Energy-saving projects are absolute no-brainers. The payback periods are strikingly short: many solar projects have a less than 10-year payback (equivalent of a 10% IRR) and many energy efficiency projects have a less than 5-year payback (20% IRR equivalent). And our motor retrofits have shown paybacks of less than three years (33% IRR)!

Interest rates are at record lows and many large companies can finance projects at less than 5% cost of capital. 

SMC’s motor retrofits are almost always less than a 3-year payback. If you can borrow at 5% and invest at 33% you should rationally do that all day long!

But a key hurdle to economic projects that simultaneously serve the company and the planet is the management focus to finance them. Energy savings usually drop in the priority queue, compared with the main key drivers of a core business. 

Having a dedicated role to financing energy projects will show a massive payback for companies, by increasing the specialized attention to such a huge area of opportunity. No company today would consider not having a senior IT executive to make sure they are taking advantage of the best IT tools to run their business. In the near future, companies will realize that they can maximize their return by focusing attention on all the “green-returns” they can earn.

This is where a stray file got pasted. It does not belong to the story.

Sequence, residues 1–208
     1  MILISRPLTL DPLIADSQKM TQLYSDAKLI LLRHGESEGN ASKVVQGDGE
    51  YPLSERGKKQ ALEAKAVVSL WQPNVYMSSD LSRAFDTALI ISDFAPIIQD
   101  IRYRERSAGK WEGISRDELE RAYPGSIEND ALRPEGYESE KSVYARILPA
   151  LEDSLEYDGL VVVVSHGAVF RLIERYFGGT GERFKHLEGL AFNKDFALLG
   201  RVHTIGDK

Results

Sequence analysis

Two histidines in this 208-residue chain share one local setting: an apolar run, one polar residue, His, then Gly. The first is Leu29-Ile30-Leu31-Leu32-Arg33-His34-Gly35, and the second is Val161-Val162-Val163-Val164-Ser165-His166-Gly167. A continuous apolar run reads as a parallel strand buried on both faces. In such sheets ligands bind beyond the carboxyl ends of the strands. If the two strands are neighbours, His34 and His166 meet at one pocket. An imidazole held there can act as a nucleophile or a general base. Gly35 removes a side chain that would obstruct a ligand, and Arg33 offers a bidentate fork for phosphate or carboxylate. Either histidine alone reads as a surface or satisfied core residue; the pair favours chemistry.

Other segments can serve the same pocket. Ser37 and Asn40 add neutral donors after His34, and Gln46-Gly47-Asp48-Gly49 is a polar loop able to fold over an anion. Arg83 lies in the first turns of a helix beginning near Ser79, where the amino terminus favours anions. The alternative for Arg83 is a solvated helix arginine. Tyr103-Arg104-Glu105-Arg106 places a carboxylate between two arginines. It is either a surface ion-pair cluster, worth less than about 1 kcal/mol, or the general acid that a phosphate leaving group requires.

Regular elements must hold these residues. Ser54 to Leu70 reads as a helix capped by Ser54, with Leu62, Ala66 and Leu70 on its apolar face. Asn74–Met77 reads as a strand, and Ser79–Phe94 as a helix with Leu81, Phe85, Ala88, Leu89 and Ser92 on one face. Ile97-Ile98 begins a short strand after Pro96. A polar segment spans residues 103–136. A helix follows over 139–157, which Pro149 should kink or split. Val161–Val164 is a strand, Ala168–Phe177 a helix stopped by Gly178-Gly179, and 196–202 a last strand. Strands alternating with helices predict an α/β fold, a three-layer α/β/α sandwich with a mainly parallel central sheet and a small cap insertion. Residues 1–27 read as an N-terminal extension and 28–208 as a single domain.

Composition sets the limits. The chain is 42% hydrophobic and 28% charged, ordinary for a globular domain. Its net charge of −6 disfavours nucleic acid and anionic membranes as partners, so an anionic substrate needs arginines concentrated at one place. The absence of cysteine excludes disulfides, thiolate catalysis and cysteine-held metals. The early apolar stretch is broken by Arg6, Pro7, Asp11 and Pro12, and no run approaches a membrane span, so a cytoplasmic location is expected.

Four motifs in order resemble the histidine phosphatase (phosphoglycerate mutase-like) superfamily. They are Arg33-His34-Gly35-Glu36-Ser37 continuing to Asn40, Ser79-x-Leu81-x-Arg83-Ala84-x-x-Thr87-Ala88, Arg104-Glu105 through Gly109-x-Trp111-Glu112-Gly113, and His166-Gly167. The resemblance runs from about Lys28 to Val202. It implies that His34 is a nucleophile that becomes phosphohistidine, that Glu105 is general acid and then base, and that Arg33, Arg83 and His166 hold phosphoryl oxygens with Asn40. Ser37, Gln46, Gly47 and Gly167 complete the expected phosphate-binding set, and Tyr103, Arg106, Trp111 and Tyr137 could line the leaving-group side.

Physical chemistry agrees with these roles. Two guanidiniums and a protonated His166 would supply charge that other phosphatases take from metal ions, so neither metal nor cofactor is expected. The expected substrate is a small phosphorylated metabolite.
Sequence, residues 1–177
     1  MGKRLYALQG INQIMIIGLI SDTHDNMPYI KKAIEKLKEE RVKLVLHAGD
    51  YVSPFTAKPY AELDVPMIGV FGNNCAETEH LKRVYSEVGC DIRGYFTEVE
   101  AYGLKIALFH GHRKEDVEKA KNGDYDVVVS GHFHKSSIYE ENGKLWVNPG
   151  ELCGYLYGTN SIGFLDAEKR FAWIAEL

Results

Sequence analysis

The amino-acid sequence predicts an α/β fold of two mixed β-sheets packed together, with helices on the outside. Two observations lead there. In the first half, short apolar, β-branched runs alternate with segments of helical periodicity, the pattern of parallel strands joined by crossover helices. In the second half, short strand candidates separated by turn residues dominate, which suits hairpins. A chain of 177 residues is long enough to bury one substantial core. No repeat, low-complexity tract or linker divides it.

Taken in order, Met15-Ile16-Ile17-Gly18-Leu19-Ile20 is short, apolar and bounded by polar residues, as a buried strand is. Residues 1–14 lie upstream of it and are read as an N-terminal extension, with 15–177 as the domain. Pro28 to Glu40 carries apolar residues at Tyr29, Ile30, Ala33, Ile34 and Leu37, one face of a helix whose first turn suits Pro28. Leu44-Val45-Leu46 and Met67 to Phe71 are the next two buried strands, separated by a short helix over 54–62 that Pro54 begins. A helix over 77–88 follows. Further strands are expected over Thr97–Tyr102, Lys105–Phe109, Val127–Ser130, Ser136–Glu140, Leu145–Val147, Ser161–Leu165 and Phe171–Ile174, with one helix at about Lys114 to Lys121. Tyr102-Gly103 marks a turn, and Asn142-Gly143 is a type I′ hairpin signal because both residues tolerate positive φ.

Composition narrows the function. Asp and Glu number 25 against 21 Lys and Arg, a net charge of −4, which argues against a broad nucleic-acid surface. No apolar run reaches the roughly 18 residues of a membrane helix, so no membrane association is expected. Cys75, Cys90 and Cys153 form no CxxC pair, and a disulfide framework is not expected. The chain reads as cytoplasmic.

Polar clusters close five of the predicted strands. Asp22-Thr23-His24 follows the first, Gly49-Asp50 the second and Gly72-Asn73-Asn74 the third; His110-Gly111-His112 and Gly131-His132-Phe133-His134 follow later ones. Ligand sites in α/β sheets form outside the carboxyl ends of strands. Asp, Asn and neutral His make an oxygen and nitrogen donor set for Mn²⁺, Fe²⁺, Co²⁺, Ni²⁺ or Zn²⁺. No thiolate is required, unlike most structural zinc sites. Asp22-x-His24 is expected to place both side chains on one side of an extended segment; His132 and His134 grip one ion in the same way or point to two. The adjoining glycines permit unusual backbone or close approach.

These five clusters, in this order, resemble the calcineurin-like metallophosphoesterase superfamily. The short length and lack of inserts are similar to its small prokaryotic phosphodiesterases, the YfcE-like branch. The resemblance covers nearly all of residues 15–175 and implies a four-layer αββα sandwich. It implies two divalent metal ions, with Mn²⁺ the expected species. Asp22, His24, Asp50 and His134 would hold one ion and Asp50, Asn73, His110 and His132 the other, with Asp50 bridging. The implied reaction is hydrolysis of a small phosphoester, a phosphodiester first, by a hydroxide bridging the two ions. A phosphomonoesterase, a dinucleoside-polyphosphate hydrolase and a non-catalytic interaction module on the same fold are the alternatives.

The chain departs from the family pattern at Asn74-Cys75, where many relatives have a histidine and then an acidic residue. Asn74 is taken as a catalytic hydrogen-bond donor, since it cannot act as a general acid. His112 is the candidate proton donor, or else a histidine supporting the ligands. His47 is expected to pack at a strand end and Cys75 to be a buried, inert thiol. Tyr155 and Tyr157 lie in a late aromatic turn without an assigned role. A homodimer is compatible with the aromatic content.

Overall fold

Moving forward, business owners should consider actively working to redefine what corporate responsibility means in terms of energy use. If not, they’re only placing more pressure on the government to force environmental policy change. And anything less would be to ignore the reality of climate change and its potential impact on the future health of our planet.

Ryan Morris is an entrepreneur and investor and has served as Executive Chairman of Software Motor Company (SMC) since October 2017. Ryan founded Meson Capital Partners LLC, an investment firm in Feb 2009. Meson Capital applies AI/ML, Industrial IoT, and sustainable energy technologies to established businesses to transform them into leaders in their domains. Ryan has served as Chairman of 3 publicly traded companies including most recently Sevcon, Inc. which was a world leader in power electronics for high performance electric vehicles. Sevcon was sold to BorgWarner in September 2017.